(C)onfirmation of Alger Hiss's relationship with Field in the Communist underground came recently from a unique source, Prof. Karel Kaplan, a Czech historian and member of the Dubcek government's 1968 commission which investigated the political purge trials (1948), in which Noel Field figured prominently.
Kaplan read through the interrogations of Field by both Czech and Hungarian security officials. In all of these interrogations, according to Kaplan, Field named Alger Hiss as a fellow Communist underground agent in the State Department. . . .
Additional confirmation and specific citation of these interrogations came from Hungarian historian Maria Schmidt, who examined these files in 1992.

Kaplan and Schmidt made the Field interrogation transcripts available to Weinstein, who selected excerpts of the interrogations to use in Perjury:

(from Field's statement) From 1927 gradually, I started to live an illegal life completely separate from my official life . . . espionage for the Soviet intelligence service. When I undertook this task, my wife was also present. . . .
In Fall 1935, Hiss . . . called me to undertake espionage for the Soviet Union. I informed him that I was already doing such work. . . . I immediately told Hedda Gumperz [Hede Massing] and received a stern rebuke from her.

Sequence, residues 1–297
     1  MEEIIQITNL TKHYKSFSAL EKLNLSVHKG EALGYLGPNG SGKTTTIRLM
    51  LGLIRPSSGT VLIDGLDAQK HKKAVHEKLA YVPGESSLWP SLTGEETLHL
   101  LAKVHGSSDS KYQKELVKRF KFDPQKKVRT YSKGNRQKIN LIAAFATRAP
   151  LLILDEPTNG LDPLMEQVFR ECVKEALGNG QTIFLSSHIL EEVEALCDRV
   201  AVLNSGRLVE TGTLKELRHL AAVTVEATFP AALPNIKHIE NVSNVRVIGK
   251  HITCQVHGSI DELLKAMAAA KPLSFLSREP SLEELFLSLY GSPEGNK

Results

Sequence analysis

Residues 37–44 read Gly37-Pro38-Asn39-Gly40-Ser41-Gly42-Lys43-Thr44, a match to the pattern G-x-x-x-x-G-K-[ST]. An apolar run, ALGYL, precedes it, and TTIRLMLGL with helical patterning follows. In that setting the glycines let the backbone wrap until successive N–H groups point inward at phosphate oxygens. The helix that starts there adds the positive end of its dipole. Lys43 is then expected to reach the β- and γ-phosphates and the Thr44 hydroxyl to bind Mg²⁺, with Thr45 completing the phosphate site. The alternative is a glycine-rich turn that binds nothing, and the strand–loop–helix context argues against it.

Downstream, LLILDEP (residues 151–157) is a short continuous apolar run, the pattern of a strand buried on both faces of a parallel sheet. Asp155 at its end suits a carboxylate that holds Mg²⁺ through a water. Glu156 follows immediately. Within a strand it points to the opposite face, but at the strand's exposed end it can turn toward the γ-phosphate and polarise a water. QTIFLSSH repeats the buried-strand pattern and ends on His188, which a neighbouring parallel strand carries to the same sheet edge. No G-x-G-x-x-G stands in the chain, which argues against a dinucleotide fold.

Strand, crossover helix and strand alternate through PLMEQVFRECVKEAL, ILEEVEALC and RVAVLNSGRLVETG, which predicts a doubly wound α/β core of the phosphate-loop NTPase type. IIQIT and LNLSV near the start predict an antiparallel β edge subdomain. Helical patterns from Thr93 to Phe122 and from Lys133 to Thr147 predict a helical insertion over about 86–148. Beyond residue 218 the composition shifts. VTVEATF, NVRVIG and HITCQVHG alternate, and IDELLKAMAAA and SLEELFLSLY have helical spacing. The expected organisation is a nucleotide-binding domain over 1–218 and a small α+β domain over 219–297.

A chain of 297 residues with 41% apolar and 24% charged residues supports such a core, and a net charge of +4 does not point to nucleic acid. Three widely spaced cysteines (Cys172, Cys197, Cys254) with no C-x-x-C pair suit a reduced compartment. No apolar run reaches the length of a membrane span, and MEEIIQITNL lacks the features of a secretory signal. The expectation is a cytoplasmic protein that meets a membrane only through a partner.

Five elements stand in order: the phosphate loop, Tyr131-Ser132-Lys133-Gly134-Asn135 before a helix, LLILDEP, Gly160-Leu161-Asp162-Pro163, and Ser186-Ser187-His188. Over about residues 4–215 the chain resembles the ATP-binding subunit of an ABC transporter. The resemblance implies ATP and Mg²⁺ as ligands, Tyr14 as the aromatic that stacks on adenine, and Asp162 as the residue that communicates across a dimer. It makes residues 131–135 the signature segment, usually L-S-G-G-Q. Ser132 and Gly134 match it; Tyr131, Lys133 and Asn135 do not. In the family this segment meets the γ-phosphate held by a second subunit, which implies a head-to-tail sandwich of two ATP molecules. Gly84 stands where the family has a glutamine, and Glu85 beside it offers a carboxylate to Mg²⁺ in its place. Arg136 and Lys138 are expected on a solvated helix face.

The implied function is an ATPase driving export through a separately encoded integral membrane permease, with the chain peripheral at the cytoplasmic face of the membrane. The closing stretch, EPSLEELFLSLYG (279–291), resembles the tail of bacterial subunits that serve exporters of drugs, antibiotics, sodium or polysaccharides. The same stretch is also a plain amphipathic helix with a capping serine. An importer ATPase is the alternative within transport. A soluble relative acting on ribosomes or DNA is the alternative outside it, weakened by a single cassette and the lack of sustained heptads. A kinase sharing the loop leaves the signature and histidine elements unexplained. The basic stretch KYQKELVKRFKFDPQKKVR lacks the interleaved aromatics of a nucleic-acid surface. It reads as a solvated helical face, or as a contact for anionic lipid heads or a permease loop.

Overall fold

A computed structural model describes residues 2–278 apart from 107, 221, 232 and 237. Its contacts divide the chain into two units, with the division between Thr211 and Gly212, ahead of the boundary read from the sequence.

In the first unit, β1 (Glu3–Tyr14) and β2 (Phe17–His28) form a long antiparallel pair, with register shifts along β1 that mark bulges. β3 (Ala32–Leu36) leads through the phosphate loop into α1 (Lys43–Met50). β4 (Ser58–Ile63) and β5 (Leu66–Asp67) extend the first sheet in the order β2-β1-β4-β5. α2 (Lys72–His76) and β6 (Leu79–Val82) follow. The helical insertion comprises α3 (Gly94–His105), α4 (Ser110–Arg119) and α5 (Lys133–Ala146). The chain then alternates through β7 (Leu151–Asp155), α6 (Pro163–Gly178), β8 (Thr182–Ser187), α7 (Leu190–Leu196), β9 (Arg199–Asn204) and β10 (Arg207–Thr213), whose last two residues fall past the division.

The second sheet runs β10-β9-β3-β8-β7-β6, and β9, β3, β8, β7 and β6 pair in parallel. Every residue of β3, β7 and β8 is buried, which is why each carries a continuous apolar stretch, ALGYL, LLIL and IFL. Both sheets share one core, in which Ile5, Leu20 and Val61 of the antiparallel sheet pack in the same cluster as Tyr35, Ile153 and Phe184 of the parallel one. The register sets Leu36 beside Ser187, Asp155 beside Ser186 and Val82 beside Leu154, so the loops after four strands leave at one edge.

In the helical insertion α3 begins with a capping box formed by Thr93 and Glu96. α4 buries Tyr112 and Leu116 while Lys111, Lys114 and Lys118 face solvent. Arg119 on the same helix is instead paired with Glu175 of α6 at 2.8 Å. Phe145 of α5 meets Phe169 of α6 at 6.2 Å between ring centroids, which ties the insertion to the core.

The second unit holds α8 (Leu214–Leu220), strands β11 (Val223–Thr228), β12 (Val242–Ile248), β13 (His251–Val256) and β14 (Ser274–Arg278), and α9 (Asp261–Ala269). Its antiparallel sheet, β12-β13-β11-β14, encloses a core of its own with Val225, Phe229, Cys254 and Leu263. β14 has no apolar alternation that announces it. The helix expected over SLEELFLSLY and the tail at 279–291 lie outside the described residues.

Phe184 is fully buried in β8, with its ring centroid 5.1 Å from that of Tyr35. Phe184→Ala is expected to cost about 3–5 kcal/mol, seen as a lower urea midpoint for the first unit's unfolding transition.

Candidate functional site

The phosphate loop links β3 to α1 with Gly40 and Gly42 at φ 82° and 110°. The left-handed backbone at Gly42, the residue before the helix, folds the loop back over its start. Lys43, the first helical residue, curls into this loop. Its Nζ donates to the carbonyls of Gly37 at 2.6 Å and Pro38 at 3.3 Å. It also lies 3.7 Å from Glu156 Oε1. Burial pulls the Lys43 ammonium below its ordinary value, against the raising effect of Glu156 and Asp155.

Hede and Paul Massing were German nationals, Soviet agents, and the Fields' immediate superior. Hede Massing rebuked Field for revealing himself to Hiss. Hiss may have been his friend, but they worked in different agencies of  the Soviet Secret Service and were expected to maintain a firewall of unconditional silence about their activities.
Weinstein's government contacts in post-Soviet Russia opened their files to him. Weinstein noticed a reference to Noel Field's indiscretion and subsequent rebuke from Hede Massing in the records of inter-departmental communications within the Soviet Secret Service.

Soviet supervisors strongly criticized her management of the situation: "We do not understand 'Ryzhaya's' (Hede Massing's cover-name) motives in meeting 'Lawyer' [Hiss]. As we understand, it happened after we gave our last directives about 'Lawyer'."
In a cable to Moscow on May 18, 1936, newly arrived NKVD "resident" Isaac Akhmerov added yet another dimension to the sensitivity shown toward "Lawyer" by his Soviet handlers: "'Ryzhaya' met 'Lawyer' only once during her stay in the country."

In conclusion, I can say with certainty that Alger Hiss was a Soviet agent. He was outed by the man who considered Hiss his best friend of the period, Whittaker Chambers. During the HUAC hearings and during the trials, Chambers proved again and again how well he knew Hiss. Chambers's friends and associates remembered him well from his period of service to the Soviet Union and and knew the name of Alger Hiss, too. Hiss's attorneys had to confront the fact that their client did not always tell them the truth, which hindered their ability to defend him.